MethCP: Differentially Methylated Region Detection with Change Point Models (bioRxiv)
1 MethCP: Differentially Methylated Region Detection with Change Point Models
Boying Gong, Elizabeth Purdom, MethCP: Differentially Methylated Region Detection with Change Point Models, 2018, bioRxiv.
A new approach (MethCP) for the identification of differentially methylated regions (DMRS) of the DNA based on whole genome bisulfite sequencing data is supposed. The approach is developed for more complex design than two-group comparisons, e.g. for time course experiments. For the two-group setup, it is claimed that MethCP outperforms existing approaches.
1.2 Study outcomes
1.2.1 Outcome O1
For simulated data, the following outcomes were obtained (ROC curves, i.e. TPR vs. FPR for different local precision or local recall)
- Overall, metilene, MethCP-DSS, MethCP-MethylKit are superior to bsmooth, HMM-Fisher, DSS and methylKit.
- DSS has rather good performance when the local recall is controlled, but rather weak when the local precision is increased.
- MethCP better controls the desired FPR than metilene at a significance level 0.05.
Outcome O1 is presented as Figure 2 in the original publication.
1.2.2 Outcome O2
For simulating small effect sizes (2.5%, 5%, 10%, 20%), the following result is obtained:
- For <10% it is claimed that only MethCP can accurately predict DMRs (although only results for MethCP and metilene are plotted).
- It is very surprising, the metilene has FPR up to 0.75, but the TPR is close to zero. The outcome would be much more plausible, if the curves for metilene are switched. In that case, metilene and MethCP would have similar performances.
Outcome O2 is presented as Figure 3 in the original publication.
1.2.3 Outcome O3
For randomly dividing six control samples in two groups with three replicates and by randomly permute over samples for each CgG (termed "1. permutation" below), the following performance was observed:
- HMM-Fisher performes best. It yiels almost no false-positive predictions.
- MethCP-DSS and MethCP-MethylKit have good performance (around 20-40 false positive DMRs and less than 0.0005 for the proportion of CpGs)
- Bsmooth, DSS, methylKit and metilene perform worst (more than 150 false DMRs and a proportion of around 0.008-0.0022 as wrongly predicted CpGs)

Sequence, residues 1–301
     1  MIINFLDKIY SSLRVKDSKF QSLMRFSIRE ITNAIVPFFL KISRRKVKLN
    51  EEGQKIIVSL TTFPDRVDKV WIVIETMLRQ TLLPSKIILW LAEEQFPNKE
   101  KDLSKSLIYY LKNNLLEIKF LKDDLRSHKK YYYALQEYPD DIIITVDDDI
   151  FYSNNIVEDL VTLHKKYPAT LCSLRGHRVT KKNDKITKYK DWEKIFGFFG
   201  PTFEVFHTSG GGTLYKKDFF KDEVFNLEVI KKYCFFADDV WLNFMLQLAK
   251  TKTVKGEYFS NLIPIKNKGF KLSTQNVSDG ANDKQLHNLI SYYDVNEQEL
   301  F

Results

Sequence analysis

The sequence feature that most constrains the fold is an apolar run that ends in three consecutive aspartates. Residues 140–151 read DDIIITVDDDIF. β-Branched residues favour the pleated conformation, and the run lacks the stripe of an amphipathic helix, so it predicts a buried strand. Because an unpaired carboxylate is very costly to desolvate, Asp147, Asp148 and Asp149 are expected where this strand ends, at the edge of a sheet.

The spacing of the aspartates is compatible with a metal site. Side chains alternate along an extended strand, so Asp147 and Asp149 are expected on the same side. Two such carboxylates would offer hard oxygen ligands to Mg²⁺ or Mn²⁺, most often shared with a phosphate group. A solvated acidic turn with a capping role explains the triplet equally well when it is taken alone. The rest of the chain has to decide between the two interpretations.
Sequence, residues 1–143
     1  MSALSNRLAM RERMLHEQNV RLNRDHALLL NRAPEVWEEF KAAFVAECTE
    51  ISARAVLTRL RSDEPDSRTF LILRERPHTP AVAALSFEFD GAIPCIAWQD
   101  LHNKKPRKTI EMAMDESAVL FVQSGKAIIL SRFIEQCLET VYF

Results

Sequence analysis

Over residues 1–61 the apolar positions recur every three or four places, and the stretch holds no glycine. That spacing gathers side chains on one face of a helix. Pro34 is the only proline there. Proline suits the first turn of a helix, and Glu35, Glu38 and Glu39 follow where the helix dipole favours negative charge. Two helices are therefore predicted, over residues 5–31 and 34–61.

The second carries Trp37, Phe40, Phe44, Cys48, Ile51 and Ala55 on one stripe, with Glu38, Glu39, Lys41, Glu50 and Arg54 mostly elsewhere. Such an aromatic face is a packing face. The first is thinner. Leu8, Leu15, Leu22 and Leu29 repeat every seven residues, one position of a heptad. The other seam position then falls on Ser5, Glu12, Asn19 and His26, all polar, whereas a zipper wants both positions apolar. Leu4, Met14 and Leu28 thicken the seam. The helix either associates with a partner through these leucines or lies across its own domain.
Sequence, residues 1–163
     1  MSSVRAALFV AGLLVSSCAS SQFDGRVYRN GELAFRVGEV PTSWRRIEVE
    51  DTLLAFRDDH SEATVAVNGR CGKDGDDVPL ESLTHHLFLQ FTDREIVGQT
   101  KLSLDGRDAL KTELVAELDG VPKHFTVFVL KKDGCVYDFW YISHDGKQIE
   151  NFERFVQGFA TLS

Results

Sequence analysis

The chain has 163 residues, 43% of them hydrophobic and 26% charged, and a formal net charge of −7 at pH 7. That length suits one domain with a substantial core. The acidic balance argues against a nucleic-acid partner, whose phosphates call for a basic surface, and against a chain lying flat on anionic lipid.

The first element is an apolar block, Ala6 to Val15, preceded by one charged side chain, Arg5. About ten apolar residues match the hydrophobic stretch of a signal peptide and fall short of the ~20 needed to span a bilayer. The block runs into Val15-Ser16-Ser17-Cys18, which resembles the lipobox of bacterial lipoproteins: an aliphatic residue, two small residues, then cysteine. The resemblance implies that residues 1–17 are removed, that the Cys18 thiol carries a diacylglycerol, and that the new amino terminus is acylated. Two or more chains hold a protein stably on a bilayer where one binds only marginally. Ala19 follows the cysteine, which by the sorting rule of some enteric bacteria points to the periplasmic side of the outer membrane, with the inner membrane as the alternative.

Outcome O3 is presented as Figure 4 panels (c) and (e) in the original publication.
1.2.4 Outcome O4
For randomly dividing six control samples in two groups with three replicates and by randomly permute the CpG positions within each sample (termed "2. permutation" below), the following performance was observed:
- MethCP- performs best
- Bsmooth, HMM-Fisher, methylKit, MethCP-DSS and MethCP-MethylKit have very few (almost no) wrong predictions.
- DSS and metilene performe worst (around 60-90 wrong DMRs, around 0.0005 wrongly predicted CpG proportions)
Outcome O4 is presented as Figure 4 panels (d) and (f) in the original publication.
1.2.5 Further outcomes
If intended, you can add further outcomes here.
1.3 Study design and evidence level
1.3.1 General aspects
- The different methods usually apply a coverage filter, i.e. the observed methylation ratio is removed if it is based on few reads. This filter step was entirely removed to obtain comparable outcomes which does not depend on method-specific filter thresholds. The drawback, however, is that the outcomes less comparable to outcomes obtained in the detault setup (with coverage filter).
- Only regions with at least 3 CpGs and at least 0.1 for the "mean methylation level" were considered as DMRs.
- For bsmooth, the smoothing window was shortend from 1000 bps (default) to 500 bps because it yields better results for the simulated data set.
- DSS was applied with the "moving average smoothing" option.
- For methylKit, adjacent DMCs were merged manually as DMRs
- "All other parameters other than the significance level (test statistics cutoffs) were left at the default values."
1.3.2 Design for Outcome O1 and O2
- The outcome was generated for simulated data for a two-group comparision with 3 vs. 3 replicates.
- Some details are provided about how the data has been simulated (in supplement section B, page 14). However, there are no plots available and no other procedures for comparing simulated and real-world data. Therefore, it is difficult to assess, how good the simulated data corresponds/agrees with real world measurements and therefore how good the outcomes generalize to application settings
- It seems that only one random realisation of the data has been analyzed
- To guarantee typical read coverage and methylation ratios, a publicly available human data set (GSE48580) was used.
1.3.3 Design for Outcome O3 and O4
- Publicly available data for Arabidopsis Thaliana [Coleman-Derr et al., 2012] with GEO accession number GSE39045 was analyzed
- Wildtype data was compared to H2Z.Z mutant
- The data had six replicates in both groups
- For assessing false-positives, the six control replicates were randomly assinged to two groups with three replicates AND by performing one of the two additional permutation approaches:
- Outcome O3: The two counts for methylated and unmethylated were permuted across samples for each CpG. This breaks local correlations within a sample but preserved correlations which occur over all/several samples. It also prohibits global differences between the samples in the average methylation level.
- Outcome O4: The CpG positions within a sample were permuted which breaks local correlations along the genome. This does not prevent potential global difference between the methylation levels of the individual samples.
1.4 Further comments and aspects
Coleman-Derr, D. and Zilberman, D. 2012. Deposition of histone variant h2a. z within gene bodies regulates responsive genes. PLoS genetics 8, e1002988